This concept could be a tougher sell in U.S. than in Britain, where Ironside writes an advice column for the Independent. Her diarist, 60-year-old Marie Sharp, calls herself “old.” How many Americans in their 60s do you know who describe themselves that way? Don’t look to Ironside to soft-soap you with you with euphemisms like “older” for “old” and “midlife” for “anywhere between 40 and death.”

If Marie is blunt, she isn’t mean-spirited. She is kind, cheerful, active and devoted to her friends and a newborn grandson who lives near her home in west London. And although she hasn’t had sex in five years, she doesn’t lose sleep over it. She’s thinking of giving it up – if a nice, rich, attractive childhood friend doesn’t change her mind.

No! I Don’t Want to Join a Book Club isn’t as funny or polished as Bridget Jones’s Diary, or the comic masterpiece from which Helen Fielding’s novel descends, E. M. Delafield’s great Diary of a Provincial Lady. But Ironside’s book has much more to say about being old – sorry, “older” — than bestsellers like The Red Hat Club or Revenge of the Middle-Aged Woman. And Marie’s opinions, if not the plausibility of the plot, give her story its own appeal.

Ironside mounts a worthy assault on many popular beliefs that were overdue for it, such as the idea that people help their survivors by planning their own funerals (and that funerals shouldn’t be funerals at all but rather “a celebration” of a life). And Marie is the rare heroine bold — or perhaps reckless — enough to question the motives of book club members: “I think they feel that by reading and analyzing books, they’re keeping their brains lively. But either you’ve got a lively brain or you haven’t.” Naturally, Viking has published a reading group guide the novel.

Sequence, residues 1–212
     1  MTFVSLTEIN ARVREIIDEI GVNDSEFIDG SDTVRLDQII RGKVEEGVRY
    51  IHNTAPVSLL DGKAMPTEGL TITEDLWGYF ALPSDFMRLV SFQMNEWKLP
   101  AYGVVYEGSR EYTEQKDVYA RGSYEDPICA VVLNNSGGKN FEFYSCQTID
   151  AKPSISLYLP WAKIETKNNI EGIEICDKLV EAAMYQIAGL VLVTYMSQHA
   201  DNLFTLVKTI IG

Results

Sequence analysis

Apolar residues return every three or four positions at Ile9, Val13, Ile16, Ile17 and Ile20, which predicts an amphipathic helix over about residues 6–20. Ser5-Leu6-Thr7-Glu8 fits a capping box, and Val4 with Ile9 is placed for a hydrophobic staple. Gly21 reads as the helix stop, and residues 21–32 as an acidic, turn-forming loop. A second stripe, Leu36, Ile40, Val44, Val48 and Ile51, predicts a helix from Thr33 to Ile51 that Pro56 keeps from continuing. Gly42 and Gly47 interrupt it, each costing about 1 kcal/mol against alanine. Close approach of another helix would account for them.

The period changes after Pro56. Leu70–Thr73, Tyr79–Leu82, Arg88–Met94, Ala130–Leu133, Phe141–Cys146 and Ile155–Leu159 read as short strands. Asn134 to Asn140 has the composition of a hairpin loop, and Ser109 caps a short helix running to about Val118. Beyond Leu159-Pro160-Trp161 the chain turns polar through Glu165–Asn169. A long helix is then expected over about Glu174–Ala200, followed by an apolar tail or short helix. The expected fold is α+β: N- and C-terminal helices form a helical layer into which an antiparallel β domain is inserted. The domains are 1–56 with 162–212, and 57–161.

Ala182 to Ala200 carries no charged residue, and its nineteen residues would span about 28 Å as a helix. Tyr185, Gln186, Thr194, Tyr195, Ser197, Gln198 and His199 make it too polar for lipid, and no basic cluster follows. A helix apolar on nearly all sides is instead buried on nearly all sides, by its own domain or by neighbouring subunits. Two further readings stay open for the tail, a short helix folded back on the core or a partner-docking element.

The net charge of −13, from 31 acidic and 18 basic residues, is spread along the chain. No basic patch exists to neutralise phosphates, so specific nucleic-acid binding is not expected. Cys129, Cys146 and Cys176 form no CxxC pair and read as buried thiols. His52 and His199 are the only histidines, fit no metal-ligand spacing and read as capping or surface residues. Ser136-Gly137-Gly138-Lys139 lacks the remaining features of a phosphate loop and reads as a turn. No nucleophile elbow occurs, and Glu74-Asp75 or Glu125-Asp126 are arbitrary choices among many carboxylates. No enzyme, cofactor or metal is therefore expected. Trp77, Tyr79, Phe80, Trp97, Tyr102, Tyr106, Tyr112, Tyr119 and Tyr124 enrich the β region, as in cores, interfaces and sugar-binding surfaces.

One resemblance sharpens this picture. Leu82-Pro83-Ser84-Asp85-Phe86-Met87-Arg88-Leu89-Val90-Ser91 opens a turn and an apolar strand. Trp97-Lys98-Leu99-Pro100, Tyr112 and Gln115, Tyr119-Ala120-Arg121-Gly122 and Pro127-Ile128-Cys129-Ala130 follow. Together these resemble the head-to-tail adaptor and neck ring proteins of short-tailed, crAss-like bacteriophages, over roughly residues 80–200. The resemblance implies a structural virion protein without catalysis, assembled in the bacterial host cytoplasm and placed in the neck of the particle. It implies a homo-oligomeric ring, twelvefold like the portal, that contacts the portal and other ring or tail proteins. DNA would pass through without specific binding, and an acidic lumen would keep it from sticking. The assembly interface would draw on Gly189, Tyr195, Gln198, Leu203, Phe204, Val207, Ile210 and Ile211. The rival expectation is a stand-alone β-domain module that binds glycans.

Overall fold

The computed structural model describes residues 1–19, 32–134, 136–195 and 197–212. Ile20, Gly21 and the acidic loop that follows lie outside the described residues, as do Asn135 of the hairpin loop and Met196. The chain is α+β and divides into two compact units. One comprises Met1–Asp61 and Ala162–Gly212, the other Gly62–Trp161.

Best line: “I don’t think those oldies who spend their lives bicycling across Mongolia at eighty and paragliding at ninety, are brilliant specimens of old age. I think they’re just tragic failures who haven’t come to terms with aging. They’re the sort of people who disapprove of face-lifts, and yet, by their behavior, are constantly chasing a lost youth.”